The riveting journey of painting tiles

The first pitstop for our house decoration tour is the upstairs bathroom. Well bathroom minus a toilet as you can see. Ours is across the hall – old style I know. Anyway, it’s a tough thing when you view a house and fall in love with the space but not the decor, especially when that decor is cemented to the walls and is a costly update. Being first time buyers our budget leaves little to the imagination, however, I only need a sliver of opportunity to squeeze creativity into any space. 

Tiles are a bugger, especially if you hate them and they have handles screwed into the walls and black mould creeping in at the corners. So first on the list was a DEEP DEEP DEEP clean –  yes capitals and repetition is warranted *insert vom face emoji*. After unscrewing the handles with surprise ease and filling all the holes in the walls we had a sort of blank canvas.

Firstly, a little inspo can go a long way with the right outlook. I whipped up some ideas of the feel I wanted from the room and settled on the idea of painting the tiles white. My thought process aligned with the idea that if I chose a colour it would look unnatural as you never grout in the exact same colour as your tiles. This, and also I was desperate for it to feel clean! I think the memory of the mould creeps into the corners of my mind no matter how much  bleach I use. I could see others had done this however was it really going to work? My imagination ran wild  with  thoughts of peeling paint and lumpy tiles. I compared  prices and brands and most  importantly reviews before settling on GoodHomes Durable Matt Wall Tile and Panelling Paint. It’s a bit of an odd paint as you need to mix the two parts together which relieves the need for an undercoat or top coat.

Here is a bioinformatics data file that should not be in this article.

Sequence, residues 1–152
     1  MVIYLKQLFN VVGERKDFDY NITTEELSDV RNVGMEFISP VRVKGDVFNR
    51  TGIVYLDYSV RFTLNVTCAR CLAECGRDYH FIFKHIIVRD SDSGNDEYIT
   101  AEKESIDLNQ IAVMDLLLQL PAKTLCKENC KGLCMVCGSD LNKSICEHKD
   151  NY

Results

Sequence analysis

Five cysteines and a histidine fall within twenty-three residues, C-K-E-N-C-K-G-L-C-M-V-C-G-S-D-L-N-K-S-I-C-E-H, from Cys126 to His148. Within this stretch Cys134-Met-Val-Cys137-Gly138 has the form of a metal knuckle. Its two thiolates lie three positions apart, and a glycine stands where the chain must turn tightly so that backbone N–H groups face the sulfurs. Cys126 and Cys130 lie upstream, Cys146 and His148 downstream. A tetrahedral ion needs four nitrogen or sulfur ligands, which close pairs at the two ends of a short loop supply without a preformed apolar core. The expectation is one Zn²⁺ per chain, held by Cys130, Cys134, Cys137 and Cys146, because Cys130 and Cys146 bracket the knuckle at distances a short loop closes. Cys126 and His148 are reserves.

We decided that we still needed to use our bathroom somewhat and so segmented the tiling into areas so we wouldn’t be without a shower for long. We also used two tubs and needed three coats to get good coverage as an idea of how far it realistically goes. Using a foam roller we applied super thin layers and built them up to ensure an even finish. 

If I were to offer you advice, it would be to ensure your tiles are super duper clean before you start, use sugar soap and a light sandpaper to rough them up slightly. I would also say don’t be scared once it has dried those babies are totally wipeable (if that is even a word). 

If you need any advice or just have a quick question don’t hesitate to drop me a message. I hope  at least someone out there is as riveted by tile paint as I am:

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